Here’s the latest on who should get another COVID-19 booster shot
The Food and Drug Administration this week has authorized a second booster shot of the Pfizer and Moderna COVID-19 vaccines for people who are over 50 years old and immunocompromised.
That means people who fit the bill can start getting a fourth vaccine shot soon.
“Emerging evidence suggests a second booster dose can improve your protection against serious illness, hospitalization and death,” said Dr. Robert Citronberg, executive director of Infectious Disease at Advocate Aurora Health. “The data also doesn’t raise any new safety concerns.”
Here’s who eligible for a fourth Pfizer or Moderna shot:
- People 50 years and older at least four months after the first booster dose of any COVID-19 vaccine.
- Certain immunocompromised people 12 years and older at least four months after the first booster dose of any COVID-19 vaccine. These include people who’ve had a solid organ transplant or similarly immunocompromised individuals.
- The Moderna vaccine may be administered to similarly immunocompromised individuals 18 years and older at least four months after the first booster dose of any COVID-19 vaccine.
If you have questions about whether you’re eligible, talk to your doctor.
The authorized vaccines have provided strong protection against serious illness and death through the several COVID-19 variant waves. Even though someone who has been vaccinated and boosted can still get COVID-19, evidence suggests their cases are more likely to be mild if they’re as up to date as possible with their shots.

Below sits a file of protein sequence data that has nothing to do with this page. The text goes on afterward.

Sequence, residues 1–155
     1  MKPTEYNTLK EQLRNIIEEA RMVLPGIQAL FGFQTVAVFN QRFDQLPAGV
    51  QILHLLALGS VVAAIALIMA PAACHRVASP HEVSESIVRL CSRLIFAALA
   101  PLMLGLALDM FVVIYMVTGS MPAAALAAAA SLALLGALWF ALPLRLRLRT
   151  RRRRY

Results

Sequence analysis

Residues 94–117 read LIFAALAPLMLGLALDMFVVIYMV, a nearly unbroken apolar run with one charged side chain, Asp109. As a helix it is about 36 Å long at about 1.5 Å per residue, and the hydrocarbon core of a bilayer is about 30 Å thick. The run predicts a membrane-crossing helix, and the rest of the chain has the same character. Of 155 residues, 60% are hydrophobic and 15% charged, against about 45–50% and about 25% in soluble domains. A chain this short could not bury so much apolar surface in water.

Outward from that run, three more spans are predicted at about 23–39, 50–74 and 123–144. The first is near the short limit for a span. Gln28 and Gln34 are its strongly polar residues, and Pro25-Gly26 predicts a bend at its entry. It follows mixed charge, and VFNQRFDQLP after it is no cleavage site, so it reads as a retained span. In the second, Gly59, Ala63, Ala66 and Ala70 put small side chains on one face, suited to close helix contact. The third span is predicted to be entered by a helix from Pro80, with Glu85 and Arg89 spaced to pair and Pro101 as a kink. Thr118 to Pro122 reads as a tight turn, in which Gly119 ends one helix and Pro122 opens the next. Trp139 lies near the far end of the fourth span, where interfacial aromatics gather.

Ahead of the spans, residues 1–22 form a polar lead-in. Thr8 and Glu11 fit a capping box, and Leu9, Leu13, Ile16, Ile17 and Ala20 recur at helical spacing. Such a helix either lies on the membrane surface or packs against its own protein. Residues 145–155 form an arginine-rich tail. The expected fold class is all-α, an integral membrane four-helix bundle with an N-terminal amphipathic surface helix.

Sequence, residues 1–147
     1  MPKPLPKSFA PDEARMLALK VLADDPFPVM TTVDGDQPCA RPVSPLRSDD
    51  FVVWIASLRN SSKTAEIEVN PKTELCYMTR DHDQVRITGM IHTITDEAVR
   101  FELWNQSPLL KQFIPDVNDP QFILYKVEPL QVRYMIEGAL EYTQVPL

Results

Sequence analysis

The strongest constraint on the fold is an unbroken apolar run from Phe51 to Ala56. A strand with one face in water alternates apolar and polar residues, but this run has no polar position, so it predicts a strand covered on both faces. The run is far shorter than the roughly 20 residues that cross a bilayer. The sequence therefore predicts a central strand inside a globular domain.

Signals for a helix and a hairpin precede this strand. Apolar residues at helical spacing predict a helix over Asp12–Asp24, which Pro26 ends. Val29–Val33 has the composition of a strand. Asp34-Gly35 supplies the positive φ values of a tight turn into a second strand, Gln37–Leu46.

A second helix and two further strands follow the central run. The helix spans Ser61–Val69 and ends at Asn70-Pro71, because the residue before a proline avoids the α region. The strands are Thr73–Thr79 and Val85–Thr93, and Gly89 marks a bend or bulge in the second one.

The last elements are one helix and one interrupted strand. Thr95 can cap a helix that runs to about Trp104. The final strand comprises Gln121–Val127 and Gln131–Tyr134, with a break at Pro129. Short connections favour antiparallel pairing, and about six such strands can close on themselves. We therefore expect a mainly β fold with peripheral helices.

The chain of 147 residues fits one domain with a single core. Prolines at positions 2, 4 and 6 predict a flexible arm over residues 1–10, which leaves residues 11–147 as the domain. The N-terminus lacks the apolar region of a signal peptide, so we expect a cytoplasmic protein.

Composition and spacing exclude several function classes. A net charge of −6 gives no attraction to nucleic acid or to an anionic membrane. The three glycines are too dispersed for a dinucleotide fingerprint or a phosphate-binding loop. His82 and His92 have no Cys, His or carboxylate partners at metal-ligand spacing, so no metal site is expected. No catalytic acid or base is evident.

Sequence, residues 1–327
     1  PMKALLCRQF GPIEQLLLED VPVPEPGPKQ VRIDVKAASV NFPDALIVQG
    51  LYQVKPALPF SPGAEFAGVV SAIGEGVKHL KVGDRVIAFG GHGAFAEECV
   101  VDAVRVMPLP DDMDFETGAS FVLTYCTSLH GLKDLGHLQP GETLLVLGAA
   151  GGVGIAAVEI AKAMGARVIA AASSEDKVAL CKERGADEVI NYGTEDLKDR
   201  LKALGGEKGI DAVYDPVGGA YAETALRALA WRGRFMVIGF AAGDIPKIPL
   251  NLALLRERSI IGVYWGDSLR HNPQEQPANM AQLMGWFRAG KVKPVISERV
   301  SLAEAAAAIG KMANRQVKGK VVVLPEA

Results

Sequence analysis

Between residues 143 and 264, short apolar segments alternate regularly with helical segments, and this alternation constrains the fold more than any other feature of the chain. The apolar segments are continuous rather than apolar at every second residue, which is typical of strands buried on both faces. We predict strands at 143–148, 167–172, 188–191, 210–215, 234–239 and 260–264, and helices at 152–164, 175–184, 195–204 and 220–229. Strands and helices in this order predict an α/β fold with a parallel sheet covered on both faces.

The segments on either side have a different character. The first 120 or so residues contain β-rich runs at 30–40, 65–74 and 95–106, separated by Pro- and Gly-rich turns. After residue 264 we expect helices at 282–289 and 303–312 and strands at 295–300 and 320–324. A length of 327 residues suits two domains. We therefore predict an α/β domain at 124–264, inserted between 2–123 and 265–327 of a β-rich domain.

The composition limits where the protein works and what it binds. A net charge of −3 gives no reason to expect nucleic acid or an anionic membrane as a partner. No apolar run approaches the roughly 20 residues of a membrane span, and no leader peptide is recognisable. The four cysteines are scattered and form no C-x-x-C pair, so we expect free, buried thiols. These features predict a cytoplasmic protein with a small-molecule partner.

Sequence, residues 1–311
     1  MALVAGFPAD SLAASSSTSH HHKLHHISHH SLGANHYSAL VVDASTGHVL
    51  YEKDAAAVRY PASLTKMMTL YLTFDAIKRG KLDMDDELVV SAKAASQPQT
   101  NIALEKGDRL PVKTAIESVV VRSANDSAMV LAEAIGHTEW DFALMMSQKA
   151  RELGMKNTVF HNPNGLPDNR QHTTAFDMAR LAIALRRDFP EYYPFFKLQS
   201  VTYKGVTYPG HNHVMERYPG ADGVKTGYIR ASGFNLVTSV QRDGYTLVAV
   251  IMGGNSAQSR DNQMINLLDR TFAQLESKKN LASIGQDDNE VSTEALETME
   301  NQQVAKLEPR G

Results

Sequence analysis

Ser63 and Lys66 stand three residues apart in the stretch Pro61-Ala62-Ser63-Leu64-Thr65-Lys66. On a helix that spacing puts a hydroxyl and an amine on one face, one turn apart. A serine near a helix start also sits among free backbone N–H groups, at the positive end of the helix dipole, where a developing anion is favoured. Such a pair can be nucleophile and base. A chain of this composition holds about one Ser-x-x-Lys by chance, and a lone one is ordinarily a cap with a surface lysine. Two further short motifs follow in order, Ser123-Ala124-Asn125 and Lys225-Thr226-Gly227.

“The COVID-19 vaccines continue to be the safest, most effective tool we have in fighting the effects of the pandemic,” Dr. Citronberg says. “The latest wave of cases has thankfully waned, but getting people vaccinated and boosted is one of the best things we can do to avoid another wave.”
About the Author
Mike Riopell, health enews contributor, is a media relations coordinator with Advocate Aurora Health. He previously worked as a reporter and editor covering politics and government for the Chicago Tribune, Daily Herald and Bloomington Pantagraph, among others. He enjoys bicycles, home repair, flannel shirts and being outside.